December 20, 2002 By Darby Patterson
A land of legendary natural beauty, a hub of international trade and a strategic military site, Alaska has developed a series of innovative technology applications to serve its 600,000-plus widely disbursed residents. The telecom project, which will outsource a range of services formerly operated in-house, continues that trend.
The project includes the distribution of about 20,000 digital phones and a statewide calling plan for public employees that will eliminate most long-distance charges. It also will implement a converged voice, video and data network; improved mobile communications and satellite technologies; a statewide dial-up service; and enhanced video-conferencing capabilities. Bandwidth will be expanded, and the state's system of 231 satellite earth stations will be upgraded to deliver emergency communications and media broadcast services.
These new enterprise services will be used by all of Alaska's executive branch agencies and numerous other state organizations, representing a dramatic break from past policies.
Historically, Alaska's telecom infrastructure has faced problems with interoperability, siloed-systems and redundant equipment. The state had neither an accurate inventory of telecom assets nor the ability to manage related expenditures.
Walsh said involving the private sector was critical for improving the state's telecom performance. "We recognized that with a lot of contracts coming up at one time, the state could think outside the box," he said. Consequently, Alaska released an RFP in 2000 inviting telecom companies to be creative in designing a statewide system to address the need for multiple communications tools.
In December 2001, Alaska Communications System (ACS) was awarded the contract and became the state's private-sector partner in the ambitious project. "We liked ACS because they stressed ownership and a willingness to work with the state to put together an organization to deliver the services," Walsh said, adding that to fulfill the requirements of the contract, the company had to re-engineer its internal culture. "They had to take a different approach. They couldn't think of themselves as a telco. They had to think of themselves as a service organization."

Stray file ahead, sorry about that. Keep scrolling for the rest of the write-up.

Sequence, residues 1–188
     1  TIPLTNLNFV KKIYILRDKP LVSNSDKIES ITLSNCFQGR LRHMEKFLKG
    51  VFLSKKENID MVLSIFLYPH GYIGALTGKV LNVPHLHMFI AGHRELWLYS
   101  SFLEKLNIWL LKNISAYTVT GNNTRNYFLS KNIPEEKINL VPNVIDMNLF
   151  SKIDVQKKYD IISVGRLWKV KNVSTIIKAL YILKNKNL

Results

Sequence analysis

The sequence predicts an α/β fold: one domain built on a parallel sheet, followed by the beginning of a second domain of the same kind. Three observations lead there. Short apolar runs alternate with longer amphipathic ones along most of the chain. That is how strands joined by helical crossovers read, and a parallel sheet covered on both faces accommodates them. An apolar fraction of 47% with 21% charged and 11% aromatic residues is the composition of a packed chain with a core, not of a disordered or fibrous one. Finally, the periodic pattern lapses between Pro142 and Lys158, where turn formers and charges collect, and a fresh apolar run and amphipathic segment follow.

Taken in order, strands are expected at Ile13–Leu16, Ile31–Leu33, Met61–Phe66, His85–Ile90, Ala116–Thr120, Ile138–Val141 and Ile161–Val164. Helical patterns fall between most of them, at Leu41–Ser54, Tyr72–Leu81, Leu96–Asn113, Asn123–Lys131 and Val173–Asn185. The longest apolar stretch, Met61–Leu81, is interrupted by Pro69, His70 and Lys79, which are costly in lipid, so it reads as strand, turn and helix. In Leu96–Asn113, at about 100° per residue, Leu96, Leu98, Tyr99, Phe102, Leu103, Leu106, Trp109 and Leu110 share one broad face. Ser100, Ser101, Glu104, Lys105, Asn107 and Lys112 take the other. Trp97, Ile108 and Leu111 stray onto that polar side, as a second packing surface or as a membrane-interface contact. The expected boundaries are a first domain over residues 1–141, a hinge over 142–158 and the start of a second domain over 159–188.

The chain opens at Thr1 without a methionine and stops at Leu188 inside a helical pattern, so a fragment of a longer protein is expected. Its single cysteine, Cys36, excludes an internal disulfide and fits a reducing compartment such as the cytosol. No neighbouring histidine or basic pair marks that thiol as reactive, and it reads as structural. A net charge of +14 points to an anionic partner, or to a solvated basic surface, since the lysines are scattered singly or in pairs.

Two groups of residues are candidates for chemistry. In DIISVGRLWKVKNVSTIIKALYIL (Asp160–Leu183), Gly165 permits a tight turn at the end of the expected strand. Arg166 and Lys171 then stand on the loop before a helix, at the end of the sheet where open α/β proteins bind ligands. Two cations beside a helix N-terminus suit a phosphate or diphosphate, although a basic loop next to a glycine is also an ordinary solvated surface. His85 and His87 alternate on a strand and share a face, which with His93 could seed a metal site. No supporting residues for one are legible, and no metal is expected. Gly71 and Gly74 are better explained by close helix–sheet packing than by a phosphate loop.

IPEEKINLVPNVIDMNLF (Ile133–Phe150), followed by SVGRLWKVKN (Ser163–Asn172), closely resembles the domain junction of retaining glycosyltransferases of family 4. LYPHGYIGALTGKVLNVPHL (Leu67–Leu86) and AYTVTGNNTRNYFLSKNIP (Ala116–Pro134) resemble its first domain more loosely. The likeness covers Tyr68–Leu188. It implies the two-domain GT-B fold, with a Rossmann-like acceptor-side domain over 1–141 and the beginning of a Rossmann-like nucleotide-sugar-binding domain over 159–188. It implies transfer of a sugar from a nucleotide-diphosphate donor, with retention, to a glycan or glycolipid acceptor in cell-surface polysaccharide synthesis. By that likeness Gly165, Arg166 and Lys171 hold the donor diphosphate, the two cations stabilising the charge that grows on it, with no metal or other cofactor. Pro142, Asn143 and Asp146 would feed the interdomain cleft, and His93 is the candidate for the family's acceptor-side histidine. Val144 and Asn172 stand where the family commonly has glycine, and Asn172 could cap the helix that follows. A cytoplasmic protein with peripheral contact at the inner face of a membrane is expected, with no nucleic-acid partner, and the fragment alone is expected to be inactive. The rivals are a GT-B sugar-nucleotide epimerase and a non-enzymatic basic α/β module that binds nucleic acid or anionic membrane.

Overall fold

This required a change of perception, according to Jeff Tyson, vice president of ACS. "We have made a lot of effort to align ourselves to the customer view of services rather than the carrier's," he said. "We are a traditional phone company, and we are trying to strike a balance. There are cultural shifts that are necessary for both of us."
ACS came to the project with an established relationship with state government. "It is not that unusual in Alaska to have a pretty good mix of commercial and government customers, because the state and federal governments have a prominent place in our economy," Tyson said.
But the new contract altered the traditional customer-vendor relationship. Under the agreement, state employees displaced by the project had the option of taking jobs with ACS or remaining with the state. Consequently, ACS hired 26 state employees who will work on the telecom project. "It is a management challenge," Tyson added. "How do you build a singular sense of purpose when you are working across the boundaries?"
Despite the difficulties, the telecom contract should generate long-term benefits for both the state and ACS, according to Walsh. ACS committed to investing $29 million to build new infrastructure and launch new services. The company will then leverage that investment by offering the services commercially. "What they proposed was the convergence of voice, video and data on this backbone that they are building for the state," Walsh said. "They will then offer the services to